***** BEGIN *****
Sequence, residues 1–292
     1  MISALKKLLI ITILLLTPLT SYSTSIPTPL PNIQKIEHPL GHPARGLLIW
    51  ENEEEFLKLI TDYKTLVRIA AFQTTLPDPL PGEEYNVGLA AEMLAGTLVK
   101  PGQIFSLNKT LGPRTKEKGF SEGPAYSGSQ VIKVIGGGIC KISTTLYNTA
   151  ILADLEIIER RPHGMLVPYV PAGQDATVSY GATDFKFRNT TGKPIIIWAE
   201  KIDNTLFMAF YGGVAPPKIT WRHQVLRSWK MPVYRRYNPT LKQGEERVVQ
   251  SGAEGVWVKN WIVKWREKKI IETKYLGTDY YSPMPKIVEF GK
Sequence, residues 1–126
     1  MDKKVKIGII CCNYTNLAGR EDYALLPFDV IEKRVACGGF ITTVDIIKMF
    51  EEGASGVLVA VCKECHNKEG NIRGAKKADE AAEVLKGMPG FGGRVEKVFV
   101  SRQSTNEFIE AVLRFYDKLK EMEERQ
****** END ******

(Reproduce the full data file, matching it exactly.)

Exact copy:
Sequence, residues 1–292
     1  MISALKKLLI ITILLLTPLT SYSTSIPTPL PNIQKIEHPL GHPARGLLIW
    51  ENEEEFLKLI TDYKTLVRIA AFQTTLPDPL PGEEYNVGLA AEMLAGTLVK
   101  PGQIFSLNKT LGPRTKEKGF SEGPAYSGSQ VIKVIGGGIC KISTTLYNTA
   151  ILADLEIIER RPHGMLVPYV PAGQDATVSY GATDFKFRNT TGKPIIIWAE
   201  KIDNTLFMAF YGGVAPPKIT WRHQVLRSWK MPVYRRYNPT LKQGEERVVQ
   251  SGAEGVWVKN WIVKWREKKI IETKYLGTDY YSPMPKIVEF GK
Sequence, residues 1–126
     1  MDKKVKIGII CCNYTNLAGR EDYALLPFDV IEKRVACGGF ITTVDIIKMF
    51  EEGASGVLVA VCKECHNKEG NIRGAKKADE AAEVLKGMPG FGGRVEKVFV
   101  SRQSTNEFIE AVLRFYDKLK EMEERQ